David Warner was dropped from the Australia side against New Zealand in the ICC Champions Trophy this week after an apparently unprovoked attack on England batsman Joe Root at a bar in Birmingham.
The altercation allegedly occurred in relation to a fake beard sported by Root; it is rumoured that Warner took offence because he believed Root was mocking South Africa’s Muslim star Hashim Amla’s notable facial hair. England have strongly denied such claims, and in a formal statement the ECB (English Cricket Board) insisted the attack was entirely unprovoked.
Although Australia’s match against New Zealand at Edgbaston was abandoned due to the rain, Warner suffered the very public humiliation not only of being dropped, but then being forced to carry drinks onto the pitch for his team-mates.
The Aussies had been well placed in the match itself, but were forced to settle for a point with the poor weather. After defeat against England in their opening match, things appear to be going from bad to worse in their preparations for this summer’s Ashes. Perhaps even more alarming is that Warner is not the first, and will almost certainly not the last to fall foul of Cricket Australia, with discipline seemingly a recurring issue in the Australia dressing room for the last decade or more.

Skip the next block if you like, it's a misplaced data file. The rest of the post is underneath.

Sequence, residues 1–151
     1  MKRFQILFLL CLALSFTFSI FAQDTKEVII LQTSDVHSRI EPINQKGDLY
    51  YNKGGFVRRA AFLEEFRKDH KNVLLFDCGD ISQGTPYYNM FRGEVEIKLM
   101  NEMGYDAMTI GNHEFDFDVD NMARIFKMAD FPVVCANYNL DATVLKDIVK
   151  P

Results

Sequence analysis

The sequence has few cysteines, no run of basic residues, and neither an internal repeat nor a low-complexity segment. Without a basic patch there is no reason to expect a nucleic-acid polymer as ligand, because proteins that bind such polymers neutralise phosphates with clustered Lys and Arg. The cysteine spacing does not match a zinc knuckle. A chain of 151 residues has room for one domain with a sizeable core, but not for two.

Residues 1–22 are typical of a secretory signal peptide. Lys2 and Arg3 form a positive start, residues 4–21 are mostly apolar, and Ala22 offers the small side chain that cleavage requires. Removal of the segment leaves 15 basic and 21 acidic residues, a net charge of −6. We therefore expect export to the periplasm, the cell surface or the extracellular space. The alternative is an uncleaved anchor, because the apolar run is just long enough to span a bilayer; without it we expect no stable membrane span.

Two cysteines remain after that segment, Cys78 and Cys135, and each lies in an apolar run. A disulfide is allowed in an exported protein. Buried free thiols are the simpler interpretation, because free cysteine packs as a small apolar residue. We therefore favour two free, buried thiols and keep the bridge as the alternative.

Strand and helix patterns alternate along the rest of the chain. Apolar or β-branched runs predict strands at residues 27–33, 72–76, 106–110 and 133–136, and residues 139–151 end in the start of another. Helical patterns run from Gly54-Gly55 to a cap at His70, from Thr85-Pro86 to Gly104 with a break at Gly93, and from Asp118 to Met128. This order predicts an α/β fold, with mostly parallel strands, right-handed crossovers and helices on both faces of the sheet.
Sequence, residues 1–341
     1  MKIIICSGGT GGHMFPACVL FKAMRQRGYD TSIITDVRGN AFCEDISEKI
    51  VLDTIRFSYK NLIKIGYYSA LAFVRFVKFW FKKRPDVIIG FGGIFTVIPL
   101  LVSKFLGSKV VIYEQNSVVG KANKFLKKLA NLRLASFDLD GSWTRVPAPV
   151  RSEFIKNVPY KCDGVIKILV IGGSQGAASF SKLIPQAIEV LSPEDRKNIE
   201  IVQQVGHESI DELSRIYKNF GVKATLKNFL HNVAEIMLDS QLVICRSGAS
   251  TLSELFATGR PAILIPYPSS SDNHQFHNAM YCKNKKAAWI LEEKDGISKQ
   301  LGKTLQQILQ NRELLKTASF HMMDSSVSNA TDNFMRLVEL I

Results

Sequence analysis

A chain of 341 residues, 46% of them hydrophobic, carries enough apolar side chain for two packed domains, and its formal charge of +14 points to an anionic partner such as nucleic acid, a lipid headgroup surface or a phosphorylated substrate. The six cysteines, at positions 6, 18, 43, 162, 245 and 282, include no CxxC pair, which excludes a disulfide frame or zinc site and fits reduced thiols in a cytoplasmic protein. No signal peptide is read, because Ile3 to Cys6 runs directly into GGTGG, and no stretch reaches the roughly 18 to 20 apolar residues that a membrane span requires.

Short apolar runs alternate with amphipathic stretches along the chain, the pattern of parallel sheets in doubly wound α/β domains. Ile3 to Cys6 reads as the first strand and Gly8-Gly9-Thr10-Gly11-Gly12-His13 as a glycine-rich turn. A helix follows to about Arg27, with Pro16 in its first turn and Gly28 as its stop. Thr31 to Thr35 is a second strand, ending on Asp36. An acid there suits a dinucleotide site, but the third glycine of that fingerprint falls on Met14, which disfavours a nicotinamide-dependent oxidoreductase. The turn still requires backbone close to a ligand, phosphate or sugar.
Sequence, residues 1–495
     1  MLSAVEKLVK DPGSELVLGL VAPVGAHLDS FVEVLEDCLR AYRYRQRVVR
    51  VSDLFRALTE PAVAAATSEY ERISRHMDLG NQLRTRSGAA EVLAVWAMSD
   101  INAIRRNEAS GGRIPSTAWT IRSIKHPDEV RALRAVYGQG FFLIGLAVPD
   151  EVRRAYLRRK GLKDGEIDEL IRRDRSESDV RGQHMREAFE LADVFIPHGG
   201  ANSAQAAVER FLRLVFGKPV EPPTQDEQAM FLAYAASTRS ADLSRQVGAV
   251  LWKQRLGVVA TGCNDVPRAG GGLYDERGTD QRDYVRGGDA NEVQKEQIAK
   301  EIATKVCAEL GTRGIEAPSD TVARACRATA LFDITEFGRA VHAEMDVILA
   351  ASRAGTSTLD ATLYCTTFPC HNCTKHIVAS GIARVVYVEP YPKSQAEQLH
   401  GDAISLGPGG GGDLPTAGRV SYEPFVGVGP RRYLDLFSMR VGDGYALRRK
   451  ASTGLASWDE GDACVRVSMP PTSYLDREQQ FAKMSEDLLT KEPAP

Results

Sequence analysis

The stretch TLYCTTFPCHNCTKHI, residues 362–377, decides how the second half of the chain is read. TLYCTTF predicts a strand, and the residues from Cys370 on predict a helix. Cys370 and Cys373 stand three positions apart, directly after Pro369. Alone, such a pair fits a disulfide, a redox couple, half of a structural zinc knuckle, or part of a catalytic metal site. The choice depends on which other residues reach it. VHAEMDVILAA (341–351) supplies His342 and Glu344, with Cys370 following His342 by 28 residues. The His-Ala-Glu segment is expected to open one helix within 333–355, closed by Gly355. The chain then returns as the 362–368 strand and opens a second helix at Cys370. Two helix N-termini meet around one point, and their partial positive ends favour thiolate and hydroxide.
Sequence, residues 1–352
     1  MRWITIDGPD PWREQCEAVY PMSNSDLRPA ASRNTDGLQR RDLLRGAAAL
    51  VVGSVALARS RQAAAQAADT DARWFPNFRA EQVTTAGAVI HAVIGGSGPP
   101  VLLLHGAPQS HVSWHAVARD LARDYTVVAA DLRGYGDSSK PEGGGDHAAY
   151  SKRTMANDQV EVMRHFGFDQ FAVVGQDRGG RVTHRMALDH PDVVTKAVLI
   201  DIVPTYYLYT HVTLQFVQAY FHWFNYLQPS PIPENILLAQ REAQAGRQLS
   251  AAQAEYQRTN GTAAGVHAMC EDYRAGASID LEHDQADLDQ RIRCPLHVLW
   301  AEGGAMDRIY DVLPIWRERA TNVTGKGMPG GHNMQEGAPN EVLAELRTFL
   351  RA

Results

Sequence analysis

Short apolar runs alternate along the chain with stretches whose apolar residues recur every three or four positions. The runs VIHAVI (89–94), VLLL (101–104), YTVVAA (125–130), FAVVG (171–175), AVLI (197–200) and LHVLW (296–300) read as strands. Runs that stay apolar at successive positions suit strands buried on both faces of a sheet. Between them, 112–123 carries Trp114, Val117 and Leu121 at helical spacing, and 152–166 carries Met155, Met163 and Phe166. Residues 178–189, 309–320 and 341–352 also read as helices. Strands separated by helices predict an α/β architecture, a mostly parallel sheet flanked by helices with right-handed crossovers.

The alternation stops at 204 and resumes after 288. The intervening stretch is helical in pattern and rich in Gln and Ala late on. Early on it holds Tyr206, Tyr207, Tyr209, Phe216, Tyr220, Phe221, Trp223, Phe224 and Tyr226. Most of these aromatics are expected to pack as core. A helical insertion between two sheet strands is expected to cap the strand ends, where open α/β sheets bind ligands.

This is not Warner’s first brush with retribution. Just last month, he was fined the maximum penalty of £3,700 for a foul-mouthed Twitter rant against Australian journalists after the integrity of the Indian Premier League, in which he is involved, was questioned.
Warner’s case tragically echoes the turbulent career of former Aussie all-rounder Andrew Symonds, who was eventually overlooked for selection after a series of misdemeanours.
Like Warner, some of these were alcohol-related, while Symonds’ commitment to representing Australia was also questioned. More optimistically, Ricky Ponting was involved in a number of late-night transgressions in his early playing days, but was able to overcome them to have a glittering career as captain of the national side.
Earlier this week Australia denied that they were planning to bring back Ponting for this summer’s series against England, but the fact that this was even suggested in the first place sums up Australia’s vulnerability.
Their world dominance appears well and truly on the wane, and head coach Mickey Arthur has struggled to find worthy replacements for the greats that have graced the Australia shirt in the last decade.
If Warner could show the same aggression with the bat as he did towards Joe Root, Australia might start to benefit slightly more from his services.
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